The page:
Six Lesser-Known Chronotron Tricks

Chronotron is rich in features that allow you to tweak your media clips in all sorts of ways. This post describes some of the app’s lesser-known tricks to keep in your repertoire.

Transpose Without the Chipmunk Effect

When audio material is pitch-scaled by a significant amount, the vocals start to sound unnatural, resulting in something known as the Chipmunk effect.

With Chronotron you can make transposed vocals sound more natural by enabling the Format Preservation option, as shown in the following demo video.

This works best with pure vocal tracks, but as you can see it works surprisingly well with mixed material, too.

The Anti-Karaoke Effect, or Center Channel Isolation

A simple yet effective method for removing vocals from a stereo recording consists on subtracting both channels, taking advantage of the fact that the singer is often mixed right at the center of the stereo image. A lot of apps can do that and Chronotron is no exception.

However, a lesser-known – and neater – trick is to do the opposite, that is, isolating vocals by extracting the audio content that is common to both channels. The video below shows how to use the Solo Channel function to either remove or isolate the center channel when playing stereo material.

The result naturally depends on the way the recording was mixed.

Play Multichannel Audio Files

Remember the DVD-A vs. SACD format war? There used to be a time when multichannel audio was regarded as the future of music, but history took a different turn (unfortunately, some will say).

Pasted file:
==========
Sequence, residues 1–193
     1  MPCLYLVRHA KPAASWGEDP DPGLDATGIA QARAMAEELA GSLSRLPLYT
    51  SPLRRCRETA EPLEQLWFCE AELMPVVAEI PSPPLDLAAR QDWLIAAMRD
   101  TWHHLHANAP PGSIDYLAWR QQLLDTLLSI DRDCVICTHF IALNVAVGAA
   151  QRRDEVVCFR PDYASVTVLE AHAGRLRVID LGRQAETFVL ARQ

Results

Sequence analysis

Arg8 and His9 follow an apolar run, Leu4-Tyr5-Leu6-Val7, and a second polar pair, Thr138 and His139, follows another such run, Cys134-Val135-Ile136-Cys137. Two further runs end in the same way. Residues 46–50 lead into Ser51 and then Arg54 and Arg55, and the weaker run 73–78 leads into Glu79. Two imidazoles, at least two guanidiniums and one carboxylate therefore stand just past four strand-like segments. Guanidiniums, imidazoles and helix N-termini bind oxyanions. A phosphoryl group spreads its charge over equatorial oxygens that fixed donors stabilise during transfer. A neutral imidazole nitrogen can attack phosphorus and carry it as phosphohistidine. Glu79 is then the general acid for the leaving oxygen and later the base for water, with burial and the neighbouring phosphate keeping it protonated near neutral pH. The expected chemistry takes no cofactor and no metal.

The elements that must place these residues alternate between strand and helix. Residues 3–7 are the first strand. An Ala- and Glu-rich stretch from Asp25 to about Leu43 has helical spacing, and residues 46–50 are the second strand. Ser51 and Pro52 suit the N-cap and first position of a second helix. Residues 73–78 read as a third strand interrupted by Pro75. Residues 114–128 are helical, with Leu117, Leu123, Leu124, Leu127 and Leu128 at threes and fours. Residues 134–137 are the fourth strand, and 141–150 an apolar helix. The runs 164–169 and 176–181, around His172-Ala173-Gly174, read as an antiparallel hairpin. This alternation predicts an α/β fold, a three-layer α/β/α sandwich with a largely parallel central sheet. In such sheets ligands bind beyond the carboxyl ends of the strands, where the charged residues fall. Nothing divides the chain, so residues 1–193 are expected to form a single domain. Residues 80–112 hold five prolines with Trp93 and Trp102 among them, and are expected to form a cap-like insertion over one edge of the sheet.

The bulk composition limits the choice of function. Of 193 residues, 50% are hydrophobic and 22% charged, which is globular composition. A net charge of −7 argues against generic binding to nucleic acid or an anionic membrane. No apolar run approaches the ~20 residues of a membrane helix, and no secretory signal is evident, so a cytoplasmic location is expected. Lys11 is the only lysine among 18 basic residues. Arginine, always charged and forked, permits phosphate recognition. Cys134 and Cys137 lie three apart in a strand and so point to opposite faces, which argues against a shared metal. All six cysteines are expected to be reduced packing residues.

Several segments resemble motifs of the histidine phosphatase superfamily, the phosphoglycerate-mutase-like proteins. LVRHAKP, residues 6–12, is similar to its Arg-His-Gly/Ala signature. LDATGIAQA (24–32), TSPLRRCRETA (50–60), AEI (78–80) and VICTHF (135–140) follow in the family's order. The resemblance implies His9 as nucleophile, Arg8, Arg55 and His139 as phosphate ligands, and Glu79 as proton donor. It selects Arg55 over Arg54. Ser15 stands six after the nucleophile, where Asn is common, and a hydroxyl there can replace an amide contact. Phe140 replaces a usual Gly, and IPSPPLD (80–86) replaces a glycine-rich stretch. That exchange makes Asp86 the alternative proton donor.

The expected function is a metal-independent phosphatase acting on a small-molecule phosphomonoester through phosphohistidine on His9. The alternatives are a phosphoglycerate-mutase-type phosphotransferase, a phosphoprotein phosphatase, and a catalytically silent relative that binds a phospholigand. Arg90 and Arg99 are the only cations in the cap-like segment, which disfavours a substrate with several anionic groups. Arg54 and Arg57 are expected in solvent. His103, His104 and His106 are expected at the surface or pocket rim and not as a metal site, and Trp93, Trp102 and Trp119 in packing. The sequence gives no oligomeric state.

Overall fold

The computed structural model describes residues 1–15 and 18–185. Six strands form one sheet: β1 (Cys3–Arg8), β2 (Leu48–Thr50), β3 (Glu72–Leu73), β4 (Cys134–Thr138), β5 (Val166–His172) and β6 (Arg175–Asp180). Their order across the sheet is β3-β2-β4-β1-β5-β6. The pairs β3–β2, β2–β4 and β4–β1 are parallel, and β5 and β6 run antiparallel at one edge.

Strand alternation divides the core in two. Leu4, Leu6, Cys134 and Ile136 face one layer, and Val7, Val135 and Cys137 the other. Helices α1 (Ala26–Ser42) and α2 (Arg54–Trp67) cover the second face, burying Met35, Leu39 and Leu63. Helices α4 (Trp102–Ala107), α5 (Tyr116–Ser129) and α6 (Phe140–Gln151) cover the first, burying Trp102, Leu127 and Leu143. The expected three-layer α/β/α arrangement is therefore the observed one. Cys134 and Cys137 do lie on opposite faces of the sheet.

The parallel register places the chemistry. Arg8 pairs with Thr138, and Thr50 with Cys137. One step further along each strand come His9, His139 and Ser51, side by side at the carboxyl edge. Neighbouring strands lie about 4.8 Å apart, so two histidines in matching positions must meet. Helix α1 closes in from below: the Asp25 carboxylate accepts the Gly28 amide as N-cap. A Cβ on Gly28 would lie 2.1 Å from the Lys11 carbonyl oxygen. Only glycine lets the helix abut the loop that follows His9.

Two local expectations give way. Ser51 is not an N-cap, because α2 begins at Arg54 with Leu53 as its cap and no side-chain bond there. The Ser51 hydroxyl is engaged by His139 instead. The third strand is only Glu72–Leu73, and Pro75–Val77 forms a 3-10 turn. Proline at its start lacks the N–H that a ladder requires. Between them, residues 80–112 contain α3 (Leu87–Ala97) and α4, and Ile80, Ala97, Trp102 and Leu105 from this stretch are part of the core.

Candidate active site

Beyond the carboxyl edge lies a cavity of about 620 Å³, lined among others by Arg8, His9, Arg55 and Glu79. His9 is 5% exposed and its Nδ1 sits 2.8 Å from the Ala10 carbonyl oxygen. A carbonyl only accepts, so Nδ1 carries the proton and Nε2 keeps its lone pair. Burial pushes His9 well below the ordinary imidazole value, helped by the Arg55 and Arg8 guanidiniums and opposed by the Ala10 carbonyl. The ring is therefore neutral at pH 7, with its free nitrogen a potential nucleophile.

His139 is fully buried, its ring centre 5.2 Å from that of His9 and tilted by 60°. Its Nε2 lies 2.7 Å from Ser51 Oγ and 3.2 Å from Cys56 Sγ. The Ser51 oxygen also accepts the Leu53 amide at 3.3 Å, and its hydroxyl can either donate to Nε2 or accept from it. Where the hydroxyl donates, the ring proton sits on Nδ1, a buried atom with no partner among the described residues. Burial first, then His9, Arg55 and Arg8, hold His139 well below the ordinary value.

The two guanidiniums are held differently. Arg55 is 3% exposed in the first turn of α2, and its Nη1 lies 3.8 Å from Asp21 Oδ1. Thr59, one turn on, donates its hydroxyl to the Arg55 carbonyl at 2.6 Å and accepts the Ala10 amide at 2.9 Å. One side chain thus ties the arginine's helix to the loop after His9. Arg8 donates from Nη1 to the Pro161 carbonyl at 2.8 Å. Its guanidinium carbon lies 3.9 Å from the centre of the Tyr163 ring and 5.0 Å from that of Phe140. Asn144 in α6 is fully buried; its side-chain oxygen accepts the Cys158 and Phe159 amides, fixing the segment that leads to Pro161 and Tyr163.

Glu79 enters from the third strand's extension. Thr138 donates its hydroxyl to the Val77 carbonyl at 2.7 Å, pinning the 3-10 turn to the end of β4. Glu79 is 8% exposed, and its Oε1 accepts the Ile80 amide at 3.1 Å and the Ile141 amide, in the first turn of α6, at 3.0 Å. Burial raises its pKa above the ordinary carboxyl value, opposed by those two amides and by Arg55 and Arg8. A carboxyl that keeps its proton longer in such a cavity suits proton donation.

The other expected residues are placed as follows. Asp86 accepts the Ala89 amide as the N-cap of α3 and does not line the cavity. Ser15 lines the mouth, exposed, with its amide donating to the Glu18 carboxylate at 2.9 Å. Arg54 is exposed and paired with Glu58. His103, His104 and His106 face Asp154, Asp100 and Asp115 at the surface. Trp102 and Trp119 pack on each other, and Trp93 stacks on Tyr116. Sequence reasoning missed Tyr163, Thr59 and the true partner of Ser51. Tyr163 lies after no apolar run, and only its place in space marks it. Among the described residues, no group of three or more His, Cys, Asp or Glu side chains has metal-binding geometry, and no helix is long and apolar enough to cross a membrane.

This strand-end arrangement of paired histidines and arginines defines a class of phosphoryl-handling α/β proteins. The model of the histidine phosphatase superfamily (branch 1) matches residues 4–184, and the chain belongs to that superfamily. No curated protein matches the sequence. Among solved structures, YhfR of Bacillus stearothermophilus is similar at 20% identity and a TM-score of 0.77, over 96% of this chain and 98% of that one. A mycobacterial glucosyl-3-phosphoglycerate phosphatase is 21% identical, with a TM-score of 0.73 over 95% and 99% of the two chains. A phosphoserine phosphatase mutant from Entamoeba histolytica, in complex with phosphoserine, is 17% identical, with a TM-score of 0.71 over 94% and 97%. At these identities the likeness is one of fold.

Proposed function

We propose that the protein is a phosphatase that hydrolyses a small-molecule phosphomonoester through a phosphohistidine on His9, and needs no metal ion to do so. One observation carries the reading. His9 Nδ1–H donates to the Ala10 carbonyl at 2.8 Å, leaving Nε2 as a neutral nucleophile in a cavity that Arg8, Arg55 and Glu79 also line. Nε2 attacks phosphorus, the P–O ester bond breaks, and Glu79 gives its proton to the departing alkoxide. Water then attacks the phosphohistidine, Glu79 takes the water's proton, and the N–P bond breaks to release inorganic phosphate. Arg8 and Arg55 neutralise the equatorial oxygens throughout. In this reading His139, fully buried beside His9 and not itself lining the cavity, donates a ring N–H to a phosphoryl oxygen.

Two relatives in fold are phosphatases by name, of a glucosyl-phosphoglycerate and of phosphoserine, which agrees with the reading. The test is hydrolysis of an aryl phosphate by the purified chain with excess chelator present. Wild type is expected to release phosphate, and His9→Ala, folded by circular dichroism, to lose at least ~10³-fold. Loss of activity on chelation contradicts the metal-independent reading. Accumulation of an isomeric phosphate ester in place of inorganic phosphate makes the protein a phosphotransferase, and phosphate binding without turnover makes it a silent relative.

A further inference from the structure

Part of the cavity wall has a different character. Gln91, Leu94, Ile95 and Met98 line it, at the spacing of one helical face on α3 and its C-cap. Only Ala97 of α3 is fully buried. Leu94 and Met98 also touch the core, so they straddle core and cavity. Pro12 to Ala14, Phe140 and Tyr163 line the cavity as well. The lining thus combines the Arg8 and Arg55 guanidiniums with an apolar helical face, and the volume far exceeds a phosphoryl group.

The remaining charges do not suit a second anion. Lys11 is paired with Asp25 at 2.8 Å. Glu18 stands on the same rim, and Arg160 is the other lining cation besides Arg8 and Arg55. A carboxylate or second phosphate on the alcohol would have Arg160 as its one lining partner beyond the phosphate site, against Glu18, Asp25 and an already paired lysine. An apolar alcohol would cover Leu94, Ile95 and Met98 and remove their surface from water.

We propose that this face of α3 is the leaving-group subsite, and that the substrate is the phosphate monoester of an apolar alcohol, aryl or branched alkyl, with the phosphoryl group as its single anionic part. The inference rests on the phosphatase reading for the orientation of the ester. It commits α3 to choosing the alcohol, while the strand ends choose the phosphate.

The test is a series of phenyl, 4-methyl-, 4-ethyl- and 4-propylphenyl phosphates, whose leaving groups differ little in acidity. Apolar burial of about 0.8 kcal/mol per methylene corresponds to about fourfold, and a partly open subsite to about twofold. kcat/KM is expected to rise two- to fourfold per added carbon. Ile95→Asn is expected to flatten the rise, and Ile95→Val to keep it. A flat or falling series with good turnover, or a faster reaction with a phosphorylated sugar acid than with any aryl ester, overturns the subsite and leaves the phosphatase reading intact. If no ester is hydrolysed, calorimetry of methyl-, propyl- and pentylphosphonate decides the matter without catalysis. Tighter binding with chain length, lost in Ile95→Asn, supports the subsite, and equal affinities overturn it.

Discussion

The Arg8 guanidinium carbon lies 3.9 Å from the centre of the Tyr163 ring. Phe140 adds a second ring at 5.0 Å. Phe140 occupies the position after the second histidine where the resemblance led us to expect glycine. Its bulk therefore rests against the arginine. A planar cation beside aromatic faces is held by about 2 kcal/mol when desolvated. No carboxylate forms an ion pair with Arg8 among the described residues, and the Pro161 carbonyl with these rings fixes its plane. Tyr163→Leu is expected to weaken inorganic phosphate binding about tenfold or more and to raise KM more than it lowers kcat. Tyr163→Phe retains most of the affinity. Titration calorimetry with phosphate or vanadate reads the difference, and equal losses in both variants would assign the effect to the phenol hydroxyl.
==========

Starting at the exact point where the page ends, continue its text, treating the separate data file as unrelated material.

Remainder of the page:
If you happen to have multichannel WAV or FLAC files, you should be aware that Chronotron can play them! As you can see in the demo video below, channel isolation becomes child’s play.

Fix Audio/Video Synchronization Issues

A video clip having a slightly out-of-sync audio track may not be particularly annoying when watched at normal speed. However, slowing down the clip also causes the audio/video synchronization gap to increase proportionally to the tempo scaling factor. This can become a big deal, for example, when you’re trying to figure out the exact fingering of a fast guitar solo.

As you can see in the below demo, the Video Delay control allows you to perfectly synchronize audio and video so it looks right at any speed.

Use Calculations for Tempo and Key

In the Tempo and Key pane there are input boxes that allow you to enter the desired tempo and key values directly, like 0.5 or 50%.

A good thing to know is that you can also enter formulas there, so for example, if you want to change tempo from 140 BPM to 80 BPM, you could just enter 80/140.

More complicated formulas work too, like 0.5 + 0.2 + 1%, which would result in 71%.

In addition to the above, the Key input box also allows inputting a number of cents by prepending the amount by a sign. A cent is defined as a 100th of a semitone.

As an example, typing +120 results in pitch being scaled by 120 cents up (i.e. 1 semitone and 20 cents up).

Oops? Don’t Panic! Click the Revert Button

Suppose you have been working on a long playlist, setting parameters for each clip and so on, and by accident you open a new media clip that replaces the whole playlist. Oops.

Don’t panic! Clicking the Revert button – the one close to the Undo/Redo buttons – or pressing Ctrl + Shift + Z will get your original playlist back. See how it works in the following demo video.

This function may also come in handy when performing A/B comparisons.

What do You Think?

If there are other Chronotron functions that you would like to see covered in detail, or if you have your own tips and tricks to share, please don’t hesitate to let me know by posting a comment.

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